league pitcher! It just took him 10 years to go from looking to
Corey Kluber (Indians/4th round, 2007 by San
Diego, Stetson): Debuted September 1 after a 7-11, 5.56 season
at AAA that did feature 143 K’s in 150 innings. The Texas native
appears to be more of a fill guy at this point.
Jeff Locke (Pirates/2nd round, 2006 by
Atlanta out of Kennett HS, NH): Locke was part of the Nate
McLouth trade last year and looks to have solid back half of the
rotation potential (8-10, 3.72, 153 IP/139 K’s in AA/AAA). Locke
was an unknown rising junior from New Hampshire when he exploded onto
the prospect map as a rising junior when he threw 91-93 at the 2004
WWBA 17U Championships for Farrah’s Builders.
Steve Lombardozzi (Nationals/19th round,
2008, St. Petersburg JC): Lombardozzi has made a rapid climb up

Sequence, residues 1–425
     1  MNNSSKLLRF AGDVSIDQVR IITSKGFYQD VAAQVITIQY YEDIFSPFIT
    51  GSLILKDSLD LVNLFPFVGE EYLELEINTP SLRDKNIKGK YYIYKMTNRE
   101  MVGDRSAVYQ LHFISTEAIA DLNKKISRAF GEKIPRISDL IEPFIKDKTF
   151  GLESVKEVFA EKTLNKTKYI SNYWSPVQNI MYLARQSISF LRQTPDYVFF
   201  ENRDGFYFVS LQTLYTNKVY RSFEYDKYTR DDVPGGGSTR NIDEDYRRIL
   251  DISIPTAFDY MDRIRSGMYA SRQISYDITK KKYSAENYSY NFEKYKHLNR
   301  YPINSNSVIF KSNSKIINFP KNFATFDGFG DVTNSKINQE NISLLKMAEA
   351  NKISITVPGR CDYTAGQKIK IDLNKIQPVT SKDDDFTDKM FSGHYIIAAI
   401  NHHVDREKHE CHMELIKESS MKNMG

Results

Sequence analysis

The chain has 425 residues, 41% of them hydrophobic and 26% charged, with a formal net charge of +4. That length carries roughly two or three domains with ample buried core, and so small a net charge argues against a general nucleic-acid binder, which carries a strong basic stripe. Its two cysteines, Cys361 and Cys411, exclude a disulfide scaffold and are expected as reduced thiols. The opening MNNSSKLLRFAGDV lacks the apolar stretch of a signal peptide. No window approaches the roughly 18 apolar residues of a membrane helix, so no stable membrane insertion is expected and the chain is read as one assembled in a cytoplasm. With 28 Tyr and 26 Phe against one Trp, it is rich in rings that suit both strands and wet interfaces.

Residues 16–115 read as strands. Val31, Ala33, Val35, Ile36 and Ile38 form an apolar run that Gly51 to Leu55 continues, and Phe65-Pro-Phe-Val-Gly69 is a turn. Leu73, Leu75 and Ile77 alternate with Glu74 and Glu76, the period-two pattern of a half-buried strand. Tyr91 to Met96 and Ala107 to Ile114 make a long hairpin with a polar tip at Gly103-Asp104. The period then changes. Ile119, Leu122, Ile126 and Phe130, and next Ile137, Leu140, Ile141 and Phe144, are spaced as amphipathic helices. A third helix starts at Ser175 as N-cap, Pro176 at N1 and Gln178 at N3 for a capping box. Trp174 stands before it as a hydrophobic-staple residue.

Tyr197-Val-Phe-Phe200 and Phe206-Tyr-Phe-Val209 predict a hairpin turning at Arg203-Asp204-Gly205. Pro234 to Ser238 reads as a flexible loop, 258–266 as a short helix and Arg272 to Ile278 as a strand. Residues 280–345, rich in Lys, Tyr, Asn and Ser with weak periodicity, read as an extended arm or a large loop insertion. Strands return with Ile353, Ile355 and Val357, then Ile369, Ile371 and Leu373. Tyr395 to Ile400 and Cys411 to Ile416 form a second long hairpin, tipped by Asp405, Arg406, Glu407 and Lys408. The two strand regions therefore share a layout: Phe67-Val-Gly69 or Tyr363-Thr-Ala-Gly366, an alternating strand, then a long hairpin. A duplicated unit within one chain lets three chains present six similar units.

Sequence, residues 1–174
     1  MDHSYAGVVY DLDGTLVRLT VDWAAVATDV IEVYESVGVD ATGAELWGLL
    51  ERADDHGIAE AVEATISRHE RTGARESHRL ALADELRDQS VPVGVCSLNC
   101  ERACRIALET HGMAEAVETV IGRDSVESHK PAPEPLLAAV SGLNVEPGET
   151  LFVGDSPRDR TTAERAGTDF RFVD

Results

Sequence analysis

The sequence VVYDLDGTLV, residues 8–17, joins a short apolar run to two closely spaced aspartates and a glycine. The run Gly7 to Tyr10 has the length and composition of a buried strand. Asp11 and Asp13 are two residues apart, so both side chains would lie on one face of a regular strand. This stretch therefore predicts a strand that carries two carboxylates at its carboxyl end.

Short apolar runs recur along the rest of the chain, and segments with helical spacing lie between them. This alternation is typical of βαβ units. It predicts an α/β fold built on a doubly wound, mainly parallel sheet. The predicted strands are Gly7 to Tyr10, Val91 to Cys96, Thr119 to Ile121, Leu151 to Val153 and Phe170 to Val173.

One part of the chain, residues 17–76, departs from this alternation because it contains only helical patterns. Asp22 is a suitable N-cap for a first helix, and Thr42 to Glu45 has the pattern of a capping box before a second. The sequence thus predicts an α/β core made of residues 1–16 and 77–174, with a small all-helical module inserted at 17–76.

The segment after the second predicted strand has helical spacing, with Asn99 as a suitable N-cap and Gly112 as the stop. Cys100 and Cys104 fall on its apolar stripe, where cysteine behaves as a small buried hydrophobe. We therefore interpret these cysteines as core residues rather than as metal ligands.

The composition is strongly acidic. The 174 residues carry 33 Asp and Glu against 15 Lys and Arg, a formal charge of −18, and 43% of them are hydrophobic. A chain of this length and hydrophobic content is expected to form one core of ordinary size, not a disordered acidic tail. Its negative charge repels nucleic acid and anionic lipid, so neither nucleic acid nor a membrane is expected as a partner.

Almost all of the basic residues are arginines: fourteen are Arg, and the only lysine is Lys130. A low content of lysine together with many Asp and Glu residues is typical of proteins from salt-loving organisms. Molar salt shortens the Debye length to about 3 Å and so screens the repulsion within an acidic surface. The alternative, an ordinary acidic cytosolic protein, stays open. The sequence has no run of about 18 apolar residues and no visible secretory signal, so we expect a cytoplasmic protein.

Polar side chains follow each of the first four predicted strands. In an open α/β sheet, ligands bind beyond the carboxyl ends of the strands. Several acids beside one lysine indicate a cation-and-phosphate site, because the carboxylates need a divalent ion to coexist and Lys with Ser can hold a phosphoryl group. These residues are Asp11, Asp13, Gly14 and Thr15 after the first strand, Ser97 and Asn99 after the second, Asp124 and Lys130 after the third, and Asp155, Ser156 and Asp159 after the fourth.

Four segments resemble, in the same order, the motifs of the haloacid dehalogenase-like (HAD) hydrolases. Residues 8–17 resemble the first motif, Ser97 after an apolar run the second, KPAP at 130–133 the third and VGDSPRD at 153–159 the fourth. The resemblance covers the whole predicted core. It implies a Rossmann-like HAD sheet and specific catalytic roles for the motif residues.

the Nationals minor league ladder after signing in the 19th round only 3 years ago. He hit .309-8-52 with 30 steals in the
minors. Here’s a PG report written on Lombardozzi before his
senior year in high school:
Son of the former ML second baseman,
there are plenty of resemblances. Bat is his best tool, has a simple
line drive approach and stays on the ball a long time. High average
approach but he doesn’t project much power. Hits to all fields and
will fight off tough pitches. Limited to second base defensively,
has a quick release and good feet but his arm is short for the left
side of the infield. Betting he is an over-achiever type like his
dad, can play the game.
Martin Maldonado (Brewers/27th round, 2004
by the Angels, Naguabo, Puerto Rico): A defensive specialist,
Maldonado hit .287-11-59/.809 OPS this year, the first year in his
eight year minor league career he has put up respectable offensive
Chris Marrero (Nationals/1st round, 2006,
Monsignor Pace HS, FL): Marrero was an Aflac All American as a